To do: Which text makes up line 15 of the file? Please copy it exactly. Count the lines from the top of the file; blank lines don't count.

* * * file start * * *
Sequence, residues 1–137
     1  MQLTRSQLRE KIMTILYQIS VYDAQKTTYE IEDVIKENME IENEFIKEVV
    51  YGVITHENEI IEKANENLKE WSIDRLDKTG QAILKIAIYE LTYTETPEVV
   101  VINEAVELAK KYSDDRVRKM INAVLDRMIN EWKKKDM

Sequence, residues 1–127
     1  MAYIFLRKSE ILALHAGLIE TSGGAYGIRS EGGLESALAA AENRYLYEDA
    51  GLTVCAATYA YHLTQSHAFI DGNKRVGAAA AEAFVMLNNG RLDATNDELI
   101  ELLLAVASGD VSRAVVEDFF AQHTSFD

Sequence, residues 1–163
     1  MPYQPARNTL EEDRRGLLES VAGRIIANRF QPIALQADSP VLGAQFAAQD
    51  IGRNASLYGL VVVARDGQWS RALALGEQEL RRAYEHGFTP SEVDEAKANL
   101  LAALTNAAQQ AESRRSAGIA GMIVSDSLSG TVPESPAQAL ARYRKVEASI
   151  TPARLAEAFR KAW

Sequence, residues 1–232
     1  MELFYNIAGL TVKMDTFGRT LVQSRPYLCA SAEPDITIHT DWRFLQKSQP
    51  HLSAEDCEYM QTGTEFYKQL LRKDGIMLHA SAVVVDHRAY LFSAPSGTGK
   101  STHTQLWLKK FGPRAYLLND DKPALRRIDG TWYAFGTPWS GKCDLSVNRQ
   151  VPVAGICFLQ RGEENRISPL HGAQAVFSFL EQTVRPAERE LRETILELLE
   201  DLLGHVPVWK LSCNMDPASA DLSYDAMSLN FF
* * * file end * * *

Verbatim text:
     1  MELFYNIAGL TVKMDTFGRT LVQSRPYLCA SAEPDITIHT DWRFLQKSQP